Once the “triangulating” stage is complete, the core of the algorithm comes into play. Basically, the idea is to pick one of the triangles, pick one of its edges and put it on a grid, horizontally, remembering that it is in the fringe. Then, iteratively, “weld” interesting triangles to the fringe, eventually placing all objects of the diagram on the grid. This part is the trickiest part of the whole algorithm, so prepare to hear a talk about a lot of magic

Any triangle is placed on the grid as a right-angled triangle, with the perpendicular edges being horizontal and vertical. This assures that we keep “quite” close to the desired grid layout. Whenever a triangle is placed on the grid, the objects which form its vertices are recorded as already placed. Then, those triangles which only contain objects which have already been placed (uninteresting triangles) are dropped. That is, once the places of some objects are decided, those objects are never considered again. This may constitute a point of future improvement, of course, because objects are often drawn in several copies to make the diagram look clearer.

When placing the triangle on the grid, the code attempts to assure that as many interesting (not dummy) edges as possible will be drawn horizontally or vertically. There is some dark magic in the code which detects such situations, but I hope that after following the trail of comments and just reading the code itself, the whole thing should become rather clear.

Now, since the algorithm is essentially greedy, there can be situations when all edges to which the remaining triangles could have been welded, have already been positioned inside the structure and it is now impossible to find the welding edge. In this case, the algorithm attempts to attach a triangle to the existing structure by a vertex only. If such a possibility is found, an edge (the pseudopod) of the triangle is placed as vertically (or horizontally) as possible and then the welding process can be continued, since there already is a welding edge.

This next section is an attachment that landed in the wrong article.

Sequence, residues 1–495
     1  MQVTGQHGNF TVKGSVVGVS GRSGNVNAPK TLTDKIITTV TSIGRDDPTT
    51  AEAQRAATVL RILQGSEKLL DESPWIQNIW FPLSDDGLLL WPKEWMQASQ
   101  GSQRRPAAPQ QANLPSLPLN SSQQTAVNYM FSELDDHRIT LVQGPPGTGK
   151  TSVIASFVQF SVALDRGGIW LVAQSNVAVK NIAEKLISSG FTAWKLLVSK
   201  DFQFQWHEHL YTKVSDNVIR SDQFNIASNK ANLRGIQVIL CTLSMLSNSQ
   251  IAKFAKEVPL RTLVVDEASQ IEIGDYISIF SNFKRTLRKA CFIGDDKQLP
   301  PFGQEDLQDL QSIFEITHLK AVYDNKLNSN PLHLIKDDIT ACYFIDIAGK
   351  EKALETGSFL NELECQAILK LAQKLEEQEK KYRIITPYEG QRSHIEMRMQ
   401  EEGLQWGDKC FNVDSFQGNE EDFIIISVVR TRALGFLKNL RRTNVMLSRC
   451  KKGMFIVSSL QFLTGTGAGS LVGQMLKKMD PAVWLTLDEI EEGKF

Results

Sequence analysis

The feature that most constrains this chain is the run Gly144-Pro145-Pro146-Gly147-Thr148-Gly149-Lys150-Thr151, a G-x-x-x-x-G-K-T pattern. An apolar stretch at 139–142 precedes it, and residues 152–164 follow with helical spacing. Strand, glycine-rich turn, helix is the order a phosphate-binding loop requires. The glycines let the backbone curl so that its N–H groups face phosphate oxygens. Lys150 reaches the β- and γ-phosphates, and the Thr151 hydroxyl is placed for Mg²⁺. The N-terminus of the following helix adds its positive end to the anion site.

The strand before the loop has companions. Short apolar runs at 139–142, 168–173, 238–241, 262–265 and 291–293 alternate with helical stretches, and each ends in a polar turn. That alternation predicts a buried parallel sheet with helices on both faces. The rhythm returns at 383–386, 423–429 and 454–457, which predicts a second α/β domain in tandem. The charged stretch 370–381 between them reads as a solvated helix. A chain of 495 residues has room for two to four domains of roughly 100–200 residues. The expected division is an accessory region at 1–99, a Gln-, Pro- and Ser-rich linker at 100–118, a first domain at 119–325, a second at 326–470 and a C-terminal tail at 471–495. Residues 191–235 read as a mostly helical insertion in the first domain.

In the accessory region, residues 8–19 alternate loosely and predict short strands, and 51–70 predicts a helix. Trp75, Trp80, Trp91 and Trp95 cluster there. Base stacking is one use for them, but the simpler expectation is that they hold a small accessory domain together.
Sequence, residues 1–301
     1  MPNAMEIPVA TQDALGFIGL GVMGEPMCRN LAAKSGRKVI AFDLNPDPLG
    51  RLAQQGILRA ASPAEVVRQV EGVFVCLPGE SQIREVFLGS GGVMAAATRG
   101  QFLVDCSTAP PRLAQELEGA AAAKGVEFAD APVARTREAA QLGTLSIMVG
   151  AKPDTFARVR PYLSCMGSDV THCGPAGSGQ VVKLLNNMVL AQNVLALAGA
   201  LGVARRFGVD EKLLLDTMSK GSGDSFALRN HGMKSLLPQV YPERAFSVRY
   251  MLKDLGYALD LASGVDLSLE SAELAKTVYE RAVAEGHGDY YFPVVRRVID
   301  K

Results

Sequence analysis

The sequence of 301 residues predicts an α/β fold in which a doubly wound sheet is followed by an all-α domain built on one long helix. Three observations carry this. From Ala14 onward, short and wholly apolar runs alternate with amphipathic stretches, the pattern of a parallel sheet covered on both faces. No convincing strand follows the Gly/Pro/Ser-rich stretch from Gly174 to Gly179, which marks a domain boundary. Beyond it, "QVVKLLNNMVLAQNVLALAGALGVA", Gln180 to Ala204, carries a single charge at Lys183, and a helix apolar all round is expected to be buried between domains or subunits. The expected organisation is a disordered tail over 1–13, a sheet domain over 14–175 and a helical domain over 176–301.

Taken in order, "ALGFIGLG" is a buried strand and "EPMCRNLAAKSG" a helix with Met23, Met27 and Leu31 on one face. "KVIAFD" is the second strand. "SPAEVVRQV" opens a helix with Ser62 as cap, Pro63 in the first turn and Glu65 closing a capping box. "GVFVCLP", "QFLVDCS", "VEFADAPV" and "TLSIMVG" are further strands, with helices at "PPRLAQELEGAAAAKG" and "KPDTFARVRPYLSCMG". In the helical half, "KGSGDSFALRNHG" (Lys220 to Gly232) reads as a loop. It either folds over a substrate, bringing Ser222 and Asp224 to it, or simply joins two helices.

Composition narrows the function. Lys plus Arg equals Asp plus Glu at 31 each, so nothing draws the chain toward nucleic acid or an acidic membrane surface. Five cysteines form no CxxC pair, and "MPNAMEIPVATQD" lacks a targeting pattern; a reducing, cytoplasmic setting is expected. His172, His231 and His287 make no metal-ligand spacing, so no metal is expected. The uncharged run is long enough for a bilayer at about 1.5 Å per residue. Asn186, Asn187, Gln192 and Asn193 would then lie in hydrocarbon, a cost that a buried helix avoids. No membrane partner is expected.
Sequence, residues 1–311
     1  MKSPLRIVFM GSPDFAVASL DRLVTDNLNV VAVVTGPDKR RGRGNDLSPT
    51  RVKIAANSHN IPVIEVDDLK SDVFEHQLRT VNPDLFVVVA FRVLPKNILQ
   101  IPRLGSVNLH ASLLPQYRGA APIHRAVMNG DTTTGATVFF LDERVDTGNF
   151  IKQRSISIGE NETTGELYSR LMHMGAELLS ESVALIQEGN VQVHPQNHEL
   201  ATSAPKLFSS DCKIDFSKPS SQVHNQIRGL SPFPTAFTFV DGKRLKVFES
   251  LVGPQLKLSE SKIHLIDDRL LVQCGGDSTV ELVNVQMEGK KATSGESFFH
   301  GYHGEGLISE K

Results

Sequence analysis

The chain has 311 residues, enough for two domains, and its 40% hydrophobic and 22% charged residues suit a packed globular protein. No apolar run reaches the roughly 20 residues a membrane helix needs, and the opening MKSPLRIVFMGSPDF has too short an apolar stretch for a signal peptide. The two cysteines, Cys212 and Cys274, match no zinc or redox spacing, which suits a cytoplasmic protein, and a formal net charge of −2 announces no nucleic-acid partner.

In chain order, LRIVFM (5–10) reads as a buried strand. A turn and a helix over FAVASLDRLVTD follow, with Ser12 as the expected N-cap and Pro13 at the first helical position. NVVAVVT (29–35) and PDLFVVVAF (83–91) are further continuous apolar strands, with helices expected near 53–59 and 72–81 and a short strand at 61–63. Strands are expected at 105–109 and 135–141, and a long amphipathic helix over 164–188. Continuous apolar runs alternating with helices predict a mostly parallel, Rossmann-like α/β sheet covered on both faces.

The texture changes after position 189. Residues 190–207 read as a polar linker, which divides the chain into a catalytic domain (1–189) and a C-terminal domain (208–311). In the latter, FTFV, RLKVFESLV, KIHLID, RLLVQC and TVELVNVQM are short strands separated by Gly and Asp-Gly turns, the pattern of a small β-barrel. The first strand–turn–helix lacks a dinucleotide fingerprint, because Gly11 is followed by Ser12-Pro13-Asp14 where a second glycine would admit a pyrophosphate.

Let’s now focus on what happens to the fringe. When a new triangle is welded, the two new edges are added to the fringe. No edges are deleted however, because the welding edge might still have some free space to its other part. Edges are deleted from the fringe only when they are detected as possible welding edges, but when the algorithm finds that there is no space around them actually. I have considered several possibilities of correcting the fringe on different occasions; my conclusions so far have been that it’s not generally worth it, performance-wise. This question however should be better investigated, including doing some complexity analysis.

You might have noticed that I do not in any way treat the situation when a pseudopod cannot be grown. I have not encountered such situations during the testing yet, so I decided not to attempt to handle them before I have actually seen an example. Taking into consideration that I am going to work with diagrams rather intensively later, if such situations are possible, I will indeed run into them. I must confess that I haven’t considered the problem theoretically yet, though

The description of the essential parts of the algorithm is complete here, so I’m passing over to the overview of the remaining problems and further short-term plans.

Tom Bachmann, my mentor, has suggested that I describe the steps of the algorithm in the docs which come with the source code. I will do this shortly. I believe it is essential to write such documentation as soon as possible, despite the abundant (hopefully) comments in the code.

My immediately next task is, however, producing the actual Xy-pic code. I expect that getting this done at a basic level shouldn’t be hard. However, drawing longer morphisms and avoiding intersections for as much as possible may prove a rather hard task to achieve.

Oh, and the almost forgotten conclusion: I now essentially have the core of the automatic diagram plotting functionality, since laying out objects is the most difficult part of the affair.